Educational Series: Save Giraffes From a Silent Extinction

By Nick Engelfried
Towering above vast herds of wildlife on the African plains, giraffes are among the most distinctly recognizable animals on Earth. Their famously long necks can hardly help but make them stand out, and their immense size earns them a place on a select list of herbivore species that qualify as true modern “megafauna.” Yet, at least some species and subspecies of giraffes are at grave risk of extinction–and the threats to their survival have received far less attention from the media and public than challenges facing other megafauna like elephants and rhinos. It is essential that we come to better understand and appreciate the dangers to giraffes so as to ensure a long future for these remarkable creatures.

The most famous feature of giraffes is, without doubt, the animals’ neck, which can extend for a length of up to six feet. This, plus their long legs (each also be up to six feet tall) allows giraffes to reach high into tree canopies and feast on leaves inaccessible to other ground-dwelling herbivores. Another important, but less visible adaptation is the giraffe’s long, highly prehensile tongue, which can reach between sharp thorns to pluck leaves from the branches of their preferred food tree, the acacia. An adult giraffe may eat as much as 75 pounds of acacia leaves in a single day, and spend up to 20 hours a day feeding.

While a giraffe’s neck certainly carries big advantages for its specialized lifestyle, maintaining such a structure isn’t easy. Giraffes have a massive heart that weighs up to 25 pounds for pumping blood all the way up the distant head. Their neck is also supported by a sturdy skeleton–although, perhaps surprisingly, it contains the same number of vertebrae (seven) as the necks of humans and all other mammals. It’s just that, like so many of the animal’s other features, the vertebrae of giraffes are very long, reaching almost a foot each.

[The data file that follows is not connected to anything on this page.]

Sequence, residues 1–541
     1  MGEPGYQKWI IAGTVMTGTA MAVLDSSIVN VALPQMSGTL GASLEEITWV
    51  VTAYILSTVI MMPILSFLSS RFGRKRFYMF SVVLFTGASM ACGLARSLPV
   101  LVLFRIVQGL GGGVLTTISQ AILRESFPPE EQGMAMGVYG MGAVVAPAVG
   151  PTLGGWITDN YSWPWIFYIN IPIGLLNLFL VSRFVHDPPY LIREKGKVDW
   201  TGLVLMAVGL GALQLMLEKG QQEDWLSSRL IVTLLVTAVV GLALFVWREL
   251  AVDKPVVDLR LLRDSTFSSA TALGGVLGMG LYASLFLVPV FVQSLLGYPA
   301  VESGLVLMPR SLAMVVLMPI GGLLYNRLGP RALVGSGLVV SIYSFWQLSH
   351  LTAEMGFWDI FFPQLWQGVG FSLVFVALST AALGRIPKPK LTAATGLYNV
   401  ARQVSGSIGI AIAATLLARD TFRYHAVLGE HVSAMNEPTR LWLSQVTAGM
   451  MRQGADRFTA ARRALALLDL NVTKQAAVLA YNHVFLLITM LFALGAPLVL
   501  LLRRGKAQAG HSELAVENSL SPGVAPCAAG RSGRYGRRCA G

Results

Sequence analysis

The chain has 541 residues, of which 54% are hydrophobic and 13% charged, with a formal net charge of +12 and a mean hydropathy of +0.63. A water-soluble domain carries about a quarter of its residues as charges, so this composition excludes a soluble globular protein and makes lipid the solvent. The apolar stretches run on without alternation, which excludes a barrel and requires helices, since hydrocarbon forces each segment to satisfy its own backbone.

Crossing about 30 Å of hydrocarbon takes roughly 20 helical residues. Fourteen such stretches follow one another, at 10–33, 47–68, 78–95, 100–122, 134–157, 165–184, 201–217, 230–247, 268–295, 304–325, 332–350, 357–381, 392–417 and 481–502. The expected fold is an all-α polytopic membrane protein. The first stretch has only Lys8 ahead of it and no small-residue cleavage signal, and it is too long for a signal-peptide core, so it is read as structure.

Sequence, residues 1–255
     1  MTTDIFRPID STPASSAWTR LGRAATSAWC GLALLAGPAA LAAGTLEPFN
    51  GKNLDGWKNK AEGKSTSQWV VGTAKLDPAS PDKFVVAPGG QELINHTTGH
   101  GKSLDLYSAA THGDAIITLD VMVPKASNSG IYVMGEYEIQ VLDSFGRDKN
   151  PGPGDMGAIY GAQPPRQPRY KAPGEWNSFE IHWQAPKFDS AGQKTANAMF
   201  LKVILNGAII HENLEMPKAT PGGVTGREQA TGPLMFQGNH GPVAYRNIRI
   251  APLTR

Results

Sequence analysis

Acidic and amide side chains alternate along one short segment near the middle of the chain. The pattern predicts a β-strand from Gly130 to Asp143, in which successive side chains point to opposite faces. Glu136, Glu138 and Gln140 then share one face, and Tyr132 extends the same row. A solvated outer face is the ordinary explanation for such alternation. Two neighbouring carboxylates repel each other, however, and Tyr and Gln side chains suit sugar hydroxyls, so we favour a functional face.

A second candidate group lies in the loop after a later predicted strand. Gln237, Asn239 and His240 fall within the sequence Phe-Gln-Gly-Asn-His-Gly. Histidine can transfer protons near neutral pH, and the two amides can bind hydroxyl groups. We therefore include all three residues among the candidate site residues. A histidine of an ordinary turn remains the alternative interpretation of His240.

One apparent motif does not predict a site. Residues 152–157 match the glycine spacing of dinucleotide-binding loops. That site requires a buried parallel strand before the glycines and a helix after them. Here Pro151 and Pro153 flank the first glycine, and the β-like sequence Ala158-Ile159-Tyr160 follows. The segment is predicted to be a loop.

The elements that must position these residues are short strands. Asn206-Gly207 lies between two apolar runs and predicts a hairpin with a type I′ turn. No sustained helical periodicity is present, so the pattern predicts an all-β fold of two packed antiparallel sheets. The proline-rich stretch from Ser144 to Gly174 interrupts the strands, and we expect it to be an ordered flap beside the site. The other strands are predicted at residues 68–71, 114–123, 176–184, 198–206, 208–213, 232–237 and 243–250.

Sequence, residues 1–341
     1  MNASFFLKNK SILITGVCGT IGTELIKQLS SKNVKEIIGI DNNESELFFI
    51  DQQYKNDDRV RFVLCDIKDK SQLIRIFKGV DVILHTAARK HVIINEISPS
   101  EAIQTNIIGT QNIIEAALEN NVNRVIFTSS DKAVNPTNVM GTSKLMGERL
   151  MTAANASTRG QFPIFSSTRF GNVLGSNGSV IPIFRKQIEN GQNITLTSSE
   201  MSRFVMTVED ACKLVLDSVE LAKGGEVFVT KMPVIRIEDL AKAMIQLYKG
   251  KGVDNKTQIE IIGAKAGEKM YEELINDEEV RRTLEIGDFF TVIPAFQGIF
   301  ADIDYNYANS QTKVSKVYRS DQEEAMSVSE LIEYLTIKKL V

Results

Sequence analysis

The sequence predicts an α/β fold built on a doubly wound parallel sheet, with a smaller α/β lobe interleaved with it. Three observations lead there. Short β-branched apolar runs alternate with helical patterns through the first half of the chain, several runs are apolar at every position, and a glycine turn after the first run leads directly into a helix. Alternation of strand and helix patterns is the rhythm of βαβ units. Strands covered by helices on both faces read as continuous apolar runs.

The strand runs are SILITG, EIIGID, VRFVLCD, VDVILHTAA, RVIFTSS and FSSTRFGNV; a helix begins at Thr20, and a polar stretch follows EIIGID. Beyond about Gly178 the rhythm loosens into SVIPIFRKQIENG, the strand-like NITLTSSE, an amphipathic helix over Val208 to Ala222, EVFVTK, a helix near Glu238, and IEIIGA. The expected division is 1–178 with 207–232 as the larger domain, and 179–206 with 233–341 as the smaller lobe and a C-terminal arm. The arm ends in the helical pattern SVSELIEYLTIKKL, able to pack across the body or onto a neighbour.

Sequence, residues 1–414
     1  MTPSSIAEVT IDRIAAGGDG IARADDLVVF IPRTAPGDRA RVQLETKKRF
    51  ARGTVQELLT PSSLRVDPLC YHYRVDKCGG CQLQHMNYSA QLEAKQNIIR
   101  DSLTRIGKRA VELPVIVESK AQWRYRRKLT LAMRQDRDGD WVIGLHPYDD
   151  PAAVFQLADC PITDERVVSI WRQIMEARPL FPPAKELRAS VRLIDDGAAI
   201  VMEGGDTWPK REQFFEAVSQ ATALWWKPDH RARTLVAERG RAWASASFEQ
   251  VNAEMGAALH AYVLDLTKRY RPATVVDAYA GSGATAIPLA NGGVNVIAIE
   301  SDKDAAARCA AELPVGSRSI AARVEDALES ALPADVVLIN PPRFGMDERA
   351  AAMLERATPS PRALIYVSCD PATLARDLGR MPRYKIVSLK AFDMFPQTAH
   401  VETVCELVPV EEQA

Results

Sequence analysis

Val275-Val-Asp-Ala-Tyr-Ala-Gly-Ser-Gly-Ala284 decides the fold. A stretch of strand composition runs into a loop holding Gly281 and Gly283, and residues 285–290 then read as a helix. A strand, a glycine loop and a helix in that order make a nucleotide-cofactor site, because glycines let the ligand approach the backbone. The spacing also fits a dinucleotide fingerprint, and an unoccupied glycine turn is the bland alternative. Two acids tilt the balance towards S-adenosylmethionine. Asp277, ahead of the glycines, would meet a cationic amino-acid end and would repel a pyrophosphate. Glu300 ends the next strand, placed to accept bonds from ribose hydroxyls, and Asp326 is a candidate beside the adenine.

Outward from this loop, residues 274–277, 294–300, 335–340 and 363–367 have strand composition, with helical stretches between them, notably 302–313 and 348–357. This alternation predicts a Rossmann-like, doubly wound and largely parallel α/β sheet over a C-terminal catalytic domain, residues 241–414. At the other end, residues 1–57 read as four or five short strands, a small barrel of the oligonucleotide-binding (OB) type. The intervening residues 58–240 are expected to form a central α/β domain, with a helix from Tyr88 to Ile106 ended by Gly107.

An adult male giraffe can weigh over 4,200 pounds while females reach up to 2,600 pounds. The animals’ strong legs can also deliver a powerful, lethal kick, making them a formidable prey species for any predator to take on. Despite this, adult giraffes are occasionally hunted by lions, while their young are vulnerable to a variety of predators on the savanna. Giraffes’ spotted coloring helps break up their outline, allowing them to camouflage with their surroundings, and they spend much of their time in groups for protection. Few predators would dare take on a herd of healthy adult giraffes traveling together.

If giraffes have an Achilles heel, it is the fact that they become much more vulnerable when bending down–something they must do occasionally to drink. Fortunately for them, they are able to get most of the water they need from moisture in the leaves they consume. However, when a giraffe bends to sate its thirst at a water hole it becomes a much easier target. Predators who might take advantage include crocodiles, which have been known to grab drinking giraffes by the head and pull them into the water to drown.

Giraffes are generally well protected from most predators–but not even their large size can keep them safe from the biggest threat to their survival: modern humans. Giraffes and human beings have coexisted in Africa’s savannas and scrublands for hundreds of thousands of years–but a combination of recent threats including modern agriculture, international poaching networks, and growing human populations now jeopardize their survival. The fact that giraffes’ plight has received less attention than that of other large African animals may be partly because it is less easy to isolate a major cause. While elephants and rhinos, too, face a variety of human pressures, the most obvious short-term threat to their survival is poaching for their tusks and horns. In contrast, the recent decline in giraffes cannot be attributed to any one major cause.